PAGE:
How to Promote Children's Social and Emotional Competence

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SAGE, Oct 1, 1999 - Child psychology - 336 pages
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This book is for teachers of children aged four-eight years. It shows how teachers can collaborate with parents in addressing children's educational and emotional needs. The author presents a variety of classroom management strategies, which teachers can choose from to strengthen children's social and academic competence. She believes that children's emotional literacy is as important as academic literacy.

The book shows how teachers can set up individualized programmes which address the special social and emotional needs of children at particular risk with social and academic problems, because of problems such as learning difficulties, hyperactivity, impulsivity, attention deficit disorder, language and reading delays and aggressive behaviour. The author shows how teachers can integrate individualized interventions for such children in the mainstream classroom, while enhancing the social competence of all their students.

Teachers understand that just as a child's cognitive competence is important for their ability to learn so too does a child's social competence and emotional security affect their ability to learn. This book will support teachers in developing social competence and emotional well- being in all children.

Based on the empirically validated" Dinosaur Social Skills and Problem-solving Curriculum," this book emphasizes the management of hyperactive, inattentive and aggressive children. It includes practical scripts, games, activities, pictures and circle time role-plays and plans for use with children 4-8 years.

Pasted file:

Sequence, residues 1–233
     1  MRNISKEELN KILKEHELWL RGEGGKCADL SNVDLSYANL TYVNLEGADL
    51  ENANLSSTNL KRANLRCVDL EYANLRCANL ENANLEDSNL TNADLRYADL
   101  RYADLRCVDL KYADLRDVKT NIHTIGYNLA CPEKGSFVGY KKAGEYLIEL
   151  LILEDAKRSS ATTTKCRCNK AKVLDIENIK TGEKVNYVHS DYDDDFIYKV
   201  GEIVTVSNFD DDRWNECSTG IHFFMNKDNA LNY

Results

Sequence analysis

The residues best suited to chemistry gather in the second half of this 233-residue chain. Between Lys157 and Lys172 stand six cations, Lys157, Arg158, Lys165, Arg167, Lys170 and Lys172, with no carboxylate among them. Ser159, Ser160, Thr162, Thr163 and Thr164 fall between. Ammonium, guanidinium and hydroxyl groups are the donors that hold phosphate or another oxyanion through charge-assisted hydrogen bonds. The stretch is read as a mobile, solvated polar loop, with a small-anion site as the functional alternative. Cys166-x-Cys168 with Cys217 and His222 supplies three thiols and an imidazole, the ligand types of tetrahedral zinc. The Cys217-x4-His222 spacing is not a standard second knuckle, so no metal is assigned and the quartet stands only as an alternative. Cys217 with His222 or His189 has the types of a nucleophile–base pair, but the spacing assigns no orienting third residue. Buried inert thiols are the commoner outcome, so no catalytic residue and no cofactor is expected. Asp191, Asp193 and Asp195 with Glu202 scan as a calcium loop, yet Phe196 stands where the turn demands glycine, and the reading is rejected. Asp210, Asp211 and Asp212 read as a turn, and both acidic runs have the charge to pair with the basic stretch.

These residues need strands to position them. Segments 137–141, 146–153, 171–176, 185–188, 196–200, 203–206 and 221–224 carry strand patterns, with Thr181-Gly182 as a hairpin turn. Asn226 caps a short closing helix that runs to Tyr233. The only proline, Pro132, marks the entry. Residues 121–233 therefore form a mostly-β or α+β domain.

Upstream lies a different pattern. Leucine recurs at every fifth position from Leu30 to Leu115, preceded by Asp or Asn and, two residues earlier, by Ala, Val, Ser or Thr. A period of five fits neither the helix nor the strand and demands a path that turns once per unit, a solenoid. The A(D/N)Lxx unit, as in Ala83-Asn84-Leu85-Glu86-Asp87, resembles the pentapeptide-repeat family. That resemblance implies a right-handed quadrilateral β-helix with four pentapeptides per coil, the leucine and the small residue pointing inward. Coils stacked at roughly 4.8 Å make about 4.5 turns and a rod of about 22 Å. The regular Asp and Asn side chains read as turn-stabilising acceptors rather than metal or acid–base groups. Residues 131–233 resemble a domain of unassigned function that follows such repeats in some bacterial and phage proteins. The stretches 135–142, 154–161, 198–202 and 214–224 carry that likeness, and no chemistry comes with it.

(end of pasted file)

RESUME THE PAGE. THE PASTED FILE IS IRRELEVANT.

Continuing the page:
Carolyn Webster-Stratton is an educational psychologist who for twenty years has been developing and evaluating interventions to help children with behaviour problems. She is the author of the well-known parent book: The Incredible Years: A Trouble-Shooting Guide for Parents fo Young Children (Ages 3-8 Years).

 

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Contents

Working with Parents
6
Building Positive Relationships with Students
30
The Proactive Teacher
50
Promoting Positive Behavior Attention
72
Making Praise and Encouragement More Effective
80
Use General Praise to Groups of Students
88
Using Incentives to Motivate Students
94
Managing Misbehavior Ignoring
136
Conclusions
157
Other Consequences
167
Some Other Principles of Discipline
173
Teaching Students to ProblemSolve
222
Peer Problems and Friendship Skills
256
Helping Students Learn to Handle their
284
Teaching Students SelfCalming and Relaxation Strategies
299
Work Collaboratively with Parents
313

Conclusions about Ignoring
145

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Page 6 - The evidence is now beyond dispute. When schools work together with families to support learning, children tend to succeed not just in school, but throughout life.
Page 6 - Parents? Widespread support for involving parents in their children's learning grows out of convincing evidence suggesting that family involvement has positive effects on children's academic achievement, social competence and school quality.
Page 5 - This is a child who's trying to get ridiculous what he gets away with." his own way. My job is to stay calm and help him learn better ways to ask for what he wants." "What if he never changes?" "He's learned to act this way. I just have to stay calm and help him learn better ways to behave.
Page xiii - In fact, there is evidence that the younger the child at the time of intervention, the more positive the child's behavioral adjustment at home and at school (Strain et al., 1982).

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